Humanity has benefited from vaccines for more than two centuries. Yet the pathway to effective vaccines has been neither neat nor direct. Howard Markel, a professor of the history of medicine at the University of Michigan, explores the history of vaccines and immunization, beginning with Edward Jenner's creation of the world's first vaccine for smallpox in the 1790s.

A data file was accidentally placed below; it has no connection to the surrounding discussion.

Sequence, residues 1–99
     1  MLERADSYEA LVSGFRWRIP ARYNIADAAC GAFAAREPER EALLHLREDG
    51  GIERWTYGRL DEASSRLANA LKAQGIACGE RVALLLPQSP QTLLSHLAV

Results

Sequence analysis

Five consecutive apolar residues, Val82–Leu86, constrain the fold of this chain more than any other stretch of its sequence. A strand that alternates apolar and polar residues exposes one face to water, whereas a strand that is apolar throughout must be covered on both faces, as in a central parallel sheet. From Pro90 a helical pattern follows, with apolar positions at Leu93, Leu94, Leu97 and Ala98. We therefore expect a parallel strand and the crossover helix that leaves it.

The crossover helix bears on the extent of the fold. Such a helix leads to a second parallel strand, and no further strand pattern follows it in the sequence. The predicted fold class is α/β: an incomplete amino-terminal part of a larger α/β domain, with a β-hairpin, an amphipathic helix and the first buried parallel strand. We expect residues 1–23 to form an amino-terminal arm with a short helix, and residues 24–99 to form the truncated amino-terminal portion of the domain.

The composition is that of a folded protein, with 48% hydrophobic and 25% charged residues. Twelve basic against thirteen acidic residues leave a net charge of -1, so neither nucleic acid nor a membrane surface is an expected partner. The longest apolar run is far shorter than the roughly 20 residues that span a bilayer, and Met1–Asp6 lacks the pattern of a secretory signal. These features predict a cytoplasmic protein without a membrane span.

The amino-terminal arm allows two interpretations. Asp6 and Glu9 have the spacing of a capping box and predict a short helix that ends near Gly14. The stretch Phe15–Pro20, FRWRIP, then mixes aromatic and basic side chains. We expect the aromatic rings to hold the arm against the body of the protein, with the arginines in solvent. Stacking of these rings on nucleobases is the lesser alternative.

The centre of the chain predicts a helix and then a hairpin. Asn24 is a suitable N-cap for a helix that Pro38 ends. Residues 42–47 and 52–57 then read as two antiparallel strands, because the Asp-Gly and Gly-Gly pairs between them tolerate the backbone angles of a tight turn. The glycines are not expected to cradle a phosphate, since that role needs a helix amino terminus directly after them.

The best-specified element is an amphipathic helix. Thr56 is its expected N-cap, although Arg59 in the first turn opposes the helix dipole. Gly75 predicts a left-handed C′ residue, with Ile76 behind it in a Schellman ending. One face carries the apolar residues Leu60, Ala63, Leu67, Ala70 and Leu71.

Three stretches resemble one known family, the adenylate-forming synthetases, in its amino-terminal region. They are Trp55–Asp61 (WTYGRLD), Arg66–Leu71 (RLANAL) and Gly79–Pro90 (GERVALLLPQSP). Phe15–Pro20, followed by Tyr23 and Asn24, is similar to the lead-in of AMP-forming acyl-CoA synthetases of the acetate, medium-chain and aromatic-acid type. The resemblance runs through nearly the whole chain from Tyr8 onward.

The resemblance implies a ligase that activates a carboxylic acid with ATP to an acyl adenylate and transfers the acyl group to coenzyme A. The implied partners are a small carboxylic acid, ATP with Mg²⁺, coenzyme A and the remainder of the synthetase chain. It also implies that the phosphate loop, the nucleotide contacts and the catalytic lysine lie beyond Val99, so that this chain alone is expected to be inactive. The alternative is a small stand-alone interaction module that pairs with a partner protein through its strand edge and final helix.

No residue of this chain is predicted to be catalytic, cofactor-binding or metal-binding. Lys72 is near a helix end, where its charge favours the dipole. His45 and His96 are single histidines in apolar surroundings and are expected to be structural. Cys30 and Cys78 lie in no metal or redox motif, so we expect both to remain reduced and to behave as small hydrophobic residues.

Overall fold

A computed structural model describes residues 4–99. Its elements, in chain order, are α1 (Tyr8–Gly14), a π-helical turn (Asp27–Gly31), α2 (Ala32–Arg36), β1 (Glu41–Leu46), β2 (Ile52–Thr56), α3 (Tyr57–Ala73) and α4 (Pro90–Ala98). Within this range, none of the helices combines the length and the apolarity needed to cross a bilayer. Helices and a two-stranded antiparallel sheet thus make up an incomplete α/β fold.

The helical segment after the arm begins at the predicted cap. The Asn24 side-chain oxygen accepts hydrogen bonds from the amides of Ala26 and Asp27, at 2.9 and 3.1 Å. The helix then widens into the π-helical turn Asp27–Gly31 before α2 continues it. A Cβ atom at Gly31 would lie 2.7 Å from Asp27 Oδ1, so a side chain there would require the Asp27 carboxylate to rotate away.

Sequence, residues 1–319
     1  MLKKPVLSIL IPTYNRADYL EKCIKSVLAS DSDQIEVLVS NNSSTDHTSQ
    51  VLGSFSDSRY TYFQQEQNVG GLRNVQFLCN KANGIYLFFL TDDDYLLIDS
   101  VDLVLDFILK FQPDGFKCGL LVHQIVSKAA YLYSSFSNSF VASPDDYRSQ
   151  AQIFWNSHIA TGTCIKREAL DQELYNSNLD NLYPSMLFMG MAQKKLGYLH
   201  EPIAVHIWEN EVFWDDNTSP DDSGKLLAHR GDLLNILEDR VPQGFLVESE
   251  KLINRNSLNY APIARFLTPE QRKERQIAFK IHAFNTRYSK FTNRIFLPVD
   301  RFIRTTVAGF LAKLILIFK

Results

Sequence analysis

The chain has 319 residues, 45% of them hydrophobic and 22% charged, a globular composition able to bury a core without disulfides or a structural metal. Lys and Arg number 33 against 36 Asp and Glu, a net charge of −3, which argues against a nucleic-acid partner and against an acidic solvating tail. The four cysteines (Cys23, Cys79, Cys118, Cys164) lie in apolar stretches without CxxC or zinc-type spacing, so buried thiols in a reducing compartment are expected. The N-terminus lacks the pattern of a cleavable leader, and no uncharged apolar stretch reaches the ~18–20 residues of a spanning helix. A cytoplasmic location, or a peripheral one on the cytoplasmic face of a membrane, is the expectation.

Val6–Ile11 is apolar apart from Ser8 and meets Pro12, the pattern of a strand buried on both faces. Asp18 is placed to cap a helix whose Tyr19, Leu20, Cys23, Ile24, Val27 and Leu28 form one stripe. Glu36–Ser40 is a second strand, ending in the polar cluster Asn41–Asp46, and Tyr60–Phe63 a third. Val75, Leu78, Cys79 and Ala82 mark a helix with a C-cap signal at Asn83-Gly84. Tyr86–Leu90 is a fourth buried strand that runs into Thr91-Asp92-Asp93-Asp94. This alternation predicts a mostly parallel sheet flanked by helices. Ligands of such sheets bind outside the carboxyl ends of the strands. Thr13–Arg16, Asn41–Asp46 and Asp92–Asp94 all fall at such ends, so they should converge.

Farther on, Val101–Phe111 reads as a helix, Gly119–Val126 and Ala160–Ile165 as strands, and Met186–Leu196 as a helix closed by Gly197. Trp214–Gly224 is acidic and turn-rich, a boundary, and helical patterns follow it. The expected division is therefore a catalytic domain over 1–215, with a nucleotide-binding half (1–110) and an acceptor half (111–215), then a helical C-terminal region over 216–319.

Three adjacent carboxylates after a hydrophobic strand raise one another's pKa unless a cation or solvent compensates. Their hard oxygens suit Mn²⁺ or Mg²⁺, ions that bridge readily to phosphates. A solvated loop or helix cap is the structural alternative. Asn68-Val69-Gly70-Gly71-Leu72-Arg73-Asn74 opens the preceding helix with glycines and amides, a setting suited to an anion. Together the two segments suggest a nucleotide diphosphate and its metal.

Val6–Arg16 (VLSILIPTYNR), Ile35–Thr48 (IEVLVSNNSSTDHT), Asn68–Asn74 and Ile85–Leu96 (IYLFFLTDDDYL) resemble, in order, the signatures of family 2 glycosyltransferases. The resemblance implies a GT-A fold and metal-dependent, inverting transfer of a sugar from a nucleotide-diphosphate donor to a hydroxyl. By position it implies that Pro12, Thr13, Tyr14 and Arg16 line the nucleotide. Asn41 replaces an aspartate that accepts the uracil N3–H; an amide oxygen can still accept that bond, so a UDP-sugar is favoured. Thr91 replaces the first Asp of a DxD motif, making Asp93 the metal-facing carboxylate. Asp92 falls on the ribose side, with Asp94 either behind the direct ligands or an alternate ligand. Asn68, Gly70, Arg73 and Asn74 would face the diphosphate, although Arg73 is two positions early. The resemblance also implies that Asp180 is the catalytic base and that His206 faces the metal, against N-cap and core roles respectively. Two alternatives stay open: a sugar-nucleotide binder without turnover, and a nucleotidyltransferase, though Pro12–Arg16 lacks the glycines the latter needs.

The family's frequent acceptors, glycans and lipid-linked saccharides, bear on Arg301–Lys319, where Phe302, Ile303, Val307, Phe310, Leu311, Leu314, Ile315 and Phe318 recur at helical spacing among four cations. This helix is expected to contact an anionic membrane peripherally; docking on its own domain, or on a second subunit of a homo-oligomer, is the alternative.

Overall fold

Markel dives into the many issues salient in Jenner's era, such as the need for secure funding mechanisms, streamlined manufacturing and safety concerns, and deep-seated public fears of inoculating agents, and how those have frequently reappeared and have often dominated vaccine policies up to the modern day. He suggests that understanding this historical significance may help inform viable long-term solutions to contemporary problems with vaccine research, production, and supplies.
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